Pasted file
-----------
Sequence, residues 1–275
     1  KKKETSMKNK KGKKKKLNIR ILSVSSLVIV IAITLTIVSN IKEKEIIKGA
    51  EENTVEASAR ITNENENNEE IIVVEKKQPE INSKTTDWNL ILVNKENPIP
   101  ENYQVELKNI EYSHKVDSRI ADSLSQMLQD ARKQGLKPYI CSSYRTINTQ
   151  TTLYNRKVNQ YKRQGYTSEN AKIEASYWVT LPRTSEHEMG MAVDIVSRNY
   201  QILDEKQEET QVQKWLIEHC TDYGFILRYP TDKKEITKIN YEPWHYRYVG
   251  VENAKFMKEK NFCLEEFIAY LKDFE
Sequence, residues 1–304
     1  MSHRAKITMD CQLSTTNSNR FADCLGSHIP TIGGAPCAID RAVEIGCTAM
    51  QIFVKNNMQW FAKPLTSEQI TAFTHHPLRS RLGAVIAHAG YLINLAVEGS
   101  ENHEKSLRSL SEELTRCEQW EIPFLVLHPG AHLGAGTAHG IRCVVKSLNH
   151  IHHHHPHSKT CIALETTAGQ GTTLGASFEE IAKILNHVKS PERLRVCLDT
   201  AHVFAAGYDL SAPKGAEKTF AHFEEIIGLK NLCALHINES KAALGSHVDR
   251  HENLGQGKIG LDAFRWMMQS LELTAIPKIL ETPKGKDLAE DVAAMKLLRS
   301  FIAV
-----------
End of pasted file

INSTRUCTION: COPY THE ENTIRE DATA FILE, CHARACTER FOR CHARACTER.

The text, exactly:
Sequence, residues 1–275
     1  KKKETSMKNK KGKKKKLNIR ILSVSSLVIV IAITLTIVSN IKEKEIIKGA
    51  EENTVEASAR ITNENENNEE IIVVEKKQPE INSKTTDWNL ILVNKENPIP
   101  ENYQVELKNI EYSHKVDSRI ADSLSQMLQD ARKQGLKPYI CSSYRTINTQ
   151  TTLYNRKVNQ YKRQGYTSEN AKIEASYWVT LPRTSEHEMG MAVDIVSRNY
   201  QILDEKQEET QVQKWLIEHC TDYGFILRYP TDKKEITKIN YEPWHYRYVG
   251  VENAKFMKEK NFCLEEFIAY LKDFE
Sequence, residues 1–304
     1  MSHRAKITMD CQLSTTNSNR FADCLGSHIP TIGGAPCAID RAVEIGCTAM
    51  QIFVKNNMQW FAKPLTSEQI TAFTHHPLRS RLGAVIAHAG YLINLAVEGS
   101  ENHEKSLRSL SEELTRCEQW EIPFLVLHPG AHLGAGTAHG IRCVVKSLNH
   151  IHHHHPHSKT CIALETTAGQ GTTLGASFEE IAKILNHVKS PERLRVCLDT
   201  AHVFAAGYDL SAPKGAEKTF AHFEEIIGLK NLCALHINES KAALGSHVDR
   251  HENLGQGKIG LDAFRWMMQS LELTAIPKIL ETPKGKDLAE DVAAMKLLRS
   301  FIAV